Thermodynamics problem- margules activity coefficients

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I'm trying to find the activity coefficients of benzene and water in the liquid phase, they are in a solution of composition 20 and 80mol% which is beginning to form ice crystals.

I know I need to use the 1 parameter margules activity coefficient model
i.e. ln (gamma) = A x^2
and I have enthalpy and normal freezing temperatures of both the components in the pure form.


I'm thinking of equating the chemical potential of the solid phase (ice) to the liquid solution since theyre in equilibrium. I've been given the enthalpy of melting and normal freezing points of both benzene and water. (pure solutions). So i though if i could somehow get enthalpy into my equation as well as the difference between the temperatures (ice -20 and normal freezing point 0) into the equation I could work out the activity coefficient somehow, since that would be in the excess gibbs energy.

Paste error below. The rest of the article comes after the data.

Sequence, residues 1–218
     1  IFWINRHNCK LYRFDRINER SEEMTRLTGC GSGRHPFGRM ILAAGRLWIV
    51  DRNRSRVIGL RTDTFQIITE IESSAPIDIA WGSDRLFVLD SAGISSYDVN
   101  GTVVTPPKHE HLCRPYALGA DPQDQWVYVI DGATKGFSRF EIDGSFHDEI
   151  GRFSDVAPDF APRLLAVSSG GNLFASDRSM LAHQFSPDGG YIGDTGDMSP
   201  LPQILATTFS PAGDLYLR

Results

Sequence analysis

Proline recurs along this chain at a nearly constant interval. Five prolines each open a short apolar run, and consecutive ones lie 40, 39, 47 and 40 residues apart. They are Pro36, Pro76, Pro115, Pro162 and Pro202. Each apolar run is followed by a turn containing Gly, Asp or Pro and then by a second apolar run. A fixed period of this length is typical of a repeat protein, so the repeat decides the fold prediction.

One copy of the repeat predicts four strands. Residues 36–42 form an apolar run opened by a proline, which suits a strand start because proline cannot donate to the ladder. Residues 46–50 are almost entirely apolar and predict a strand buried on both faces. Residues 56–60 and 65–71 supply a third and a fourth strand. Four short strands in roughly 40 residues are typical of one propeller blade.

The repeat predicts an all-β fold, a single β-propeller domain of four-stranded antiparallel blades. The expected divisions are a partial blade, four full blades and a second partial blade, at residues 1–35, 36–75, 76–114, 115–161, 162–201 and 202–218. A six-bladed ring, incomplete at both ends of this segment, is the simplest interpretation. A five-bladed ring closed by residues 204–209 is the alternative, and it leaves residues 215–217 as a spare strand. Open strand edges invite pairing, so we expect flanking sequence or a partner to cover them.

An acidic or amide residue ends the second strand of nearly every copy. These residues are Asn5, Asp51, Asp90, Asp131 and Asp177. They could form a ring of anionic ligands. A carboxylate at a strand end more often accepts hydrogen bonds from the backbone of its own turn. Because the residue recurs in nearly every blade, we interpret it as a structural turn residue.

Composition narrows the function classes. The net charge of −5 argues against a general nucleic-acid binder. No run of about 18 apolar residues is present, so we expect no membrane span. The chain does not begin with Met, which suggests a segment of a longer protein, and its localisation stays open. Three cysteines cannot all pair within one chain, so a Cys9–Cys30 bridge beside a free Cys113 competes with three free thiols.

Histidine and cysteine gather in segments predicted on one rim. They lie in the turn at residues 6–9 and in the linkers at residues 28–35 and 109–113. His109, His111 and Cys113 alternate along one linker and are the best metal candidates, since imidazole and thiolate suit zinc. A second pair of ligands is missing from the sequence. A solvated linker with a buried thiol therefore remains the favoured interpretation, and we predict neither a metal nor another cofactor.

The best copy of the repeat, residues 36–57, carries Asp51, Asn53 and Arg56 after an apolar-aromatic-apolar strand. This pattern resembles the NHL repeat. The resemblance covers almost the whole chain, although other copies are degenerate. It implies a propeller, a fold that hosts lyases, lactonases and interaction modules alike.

So a rough equation would look something like this ln (x[tex]\gamma[/tex]) = [tex]\mu[/tex]-[tex]\mu[/tex] = [tex]\Delta[/tex]G

so the [tex]\Delta[/tex][tex]\mu[/tex] needs to be converted into a function that includes enthalpy and the temperatures somehow.

Let me know if you think this is the right way to go about it, and if so how to complete the formula?
 

Answers and Replies

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See Chapters 11-15 of Introduction to Chemical Engineering Thermodynamics by Smith and van Ness to investigate approaches for doing this.
 

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